Hollywood Writers Eye Startup Life

from the risky-business dept

The LA Times reports on ongoing negotiations between writers and venture capitalists to create Hollywood startups. Apparently "dozens" of Hollywood writers are looking to launch companies that would allow them to produce video content that would be distributed directly to fans on the web. We've noted that there are already a number of companies pursuing this strategy, and with thousands of talented writers sitting idle, this is an ideal time to start more of them. In the long run, these kinds of startups will ensure writers get compensated fairly because it will give writers who feel they're under-compensated an exit option. On the other hand, the LA Times makes clear that writers jumping into alternative business models may find that the reality of Hollywood startups to be a culture shock. A lot of successful online content outfits tend to be shoestring operations, and it's likely to take a few more years before the bulk of viewers make the switch to Internet-based sources of information. Writers used to the relatively large budgets and large audiences of Hollywood studios may find it difficult to adjust to being at a web startup that no one has (yet) heard of. This may explain why in a town with ten thousand writers, only "dozens" are looking at the startup option. On the other hand, those writers with an appetite for risk or a thirst for creative control may thrive in an environment where they call the shots and reap a much larger share of the rewards if they succeed.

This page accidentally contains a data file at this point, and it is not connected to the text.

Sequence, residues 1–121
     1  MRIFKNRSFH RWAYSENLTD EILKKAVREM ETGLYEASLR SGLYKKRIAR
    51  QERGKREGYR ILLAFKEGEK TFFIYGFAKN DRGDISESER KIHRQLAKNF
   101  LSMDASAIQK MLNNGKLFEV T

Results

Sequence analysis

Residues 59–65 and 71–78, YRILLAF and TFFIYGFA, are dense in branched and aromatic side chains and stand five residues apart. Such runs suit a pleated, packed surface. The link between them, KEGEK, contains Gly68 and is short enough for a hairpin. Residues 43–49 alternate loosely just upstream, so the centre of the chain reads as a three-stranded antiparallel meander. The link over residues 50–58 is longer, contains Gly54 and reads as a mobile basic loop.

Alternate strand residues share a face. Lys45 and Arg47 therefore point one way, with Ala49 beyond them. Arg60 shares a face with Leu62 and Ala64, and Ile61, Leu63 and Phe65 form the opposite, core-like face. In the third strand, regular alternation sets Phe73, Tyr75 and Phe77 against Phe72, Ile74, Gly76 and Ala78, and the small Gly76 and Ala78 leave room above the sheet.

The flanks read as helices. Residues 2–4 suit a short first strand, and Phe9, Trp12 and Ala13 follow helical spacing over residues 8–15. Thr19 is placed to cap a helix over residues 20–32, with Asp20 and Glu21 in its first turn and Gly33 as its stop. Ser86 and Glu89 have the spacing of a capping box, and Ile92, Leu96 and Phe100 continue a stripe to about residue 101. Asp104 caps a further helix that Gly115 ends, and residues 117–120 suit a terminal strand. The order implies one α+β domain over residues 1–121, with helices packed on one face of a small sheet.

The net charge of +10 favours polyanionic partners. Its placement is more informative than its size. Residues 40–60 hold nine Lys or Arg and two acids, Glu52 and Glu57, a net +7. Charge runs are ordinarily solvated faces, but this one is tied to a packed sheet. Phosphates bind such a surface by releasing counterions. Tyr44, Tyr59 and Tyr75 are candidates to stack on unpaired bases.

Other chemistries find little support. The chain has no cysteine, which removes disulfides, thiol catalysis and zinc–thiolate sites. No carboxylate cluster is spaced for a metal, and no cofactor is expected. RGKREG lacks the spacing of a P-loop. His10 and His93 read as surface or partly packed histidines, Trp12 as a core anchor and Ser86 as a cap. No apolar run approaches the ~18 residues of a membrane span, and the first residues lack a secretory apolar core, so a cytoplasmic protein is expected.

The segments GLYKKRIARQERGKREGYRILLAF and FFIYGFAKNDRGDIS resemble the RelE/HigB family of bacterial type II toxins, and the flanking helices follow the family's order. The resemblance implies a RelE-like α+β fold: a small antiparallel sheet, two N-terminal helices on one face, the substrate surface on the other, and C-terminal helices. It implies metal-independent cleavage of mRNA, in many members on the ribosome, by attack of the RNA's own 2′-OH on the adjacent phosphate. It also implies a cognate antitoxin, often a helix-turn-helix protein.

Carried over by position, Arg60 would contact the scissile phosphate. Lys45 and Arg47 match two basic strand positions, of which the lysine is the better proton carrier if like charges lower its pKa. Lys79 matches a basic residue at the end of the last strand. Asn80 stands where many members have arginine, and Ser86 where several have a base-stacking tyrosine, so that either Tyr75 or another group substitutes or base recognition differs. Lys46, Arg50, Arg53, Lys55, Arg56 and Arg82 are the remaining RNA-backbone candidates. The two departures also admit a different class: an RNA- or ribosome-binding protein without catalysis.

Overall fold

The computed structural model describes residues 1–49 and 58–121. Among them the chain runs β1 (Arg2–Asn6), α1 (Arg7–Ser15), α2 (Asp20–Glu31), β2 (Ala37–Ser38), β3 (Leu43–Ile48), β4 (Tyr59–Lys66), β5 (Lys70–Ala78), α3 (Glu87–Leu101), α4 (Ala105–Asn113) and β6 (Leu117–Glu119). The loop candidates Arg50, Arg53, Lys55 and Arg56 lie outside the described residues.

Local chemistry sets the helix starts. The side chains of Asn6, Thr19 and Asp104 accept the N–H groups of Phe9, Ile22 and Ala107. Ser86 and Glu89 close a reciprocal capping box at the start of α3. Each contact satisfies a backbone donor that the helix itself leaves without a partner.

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Filed Under: hollywood, startups, writers, writers' strike

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  1. icon
    Mike (profile), 17 Dec 2007 @ 2:09pm

    Re: The Lottery Fallacy

    In brief, we can't all be small-business owners. Or entrepreneurs. Starts-ups are not for everyone. And it looks like big corporations are going to exist for the foreseeable future. Thus, unions are needed for labor to counteract the power of management.

    You seem confused. Tim wasn't arguing that big companies would not exist. Just that adding startups to the mix offers more options for the writers. Big companies and startups co-exist (and switch back and forth) throughout Silicon Valley and it makes the culture a lot more dynamic.

    However, the "need for unions" is something that Silicon Valley would clearly disprove as well -- and I'm well versed in this subject as my degree is actually in labor relations. Silicon Valley has shown that when there are a lot more options for employees, they don't need organized labor to fight for their rights -- competition takes care of that.

    So I'm not sure why you're so in favor of a system that gets rid of that competition and forces workers to form unions that can create even more troubles for the industry.

    An "exit option" which works for a tiny tiny percentage of the relevant population is at best inconsequential, and at worst starry-eyed huckersterism.

    You apparently have no sense of history. I'd do a little research before you make these kinds of claims. While it is true that not everyone gets the exit option, the fact that there are more such exit options helps create the competitive environment that makes this all work.

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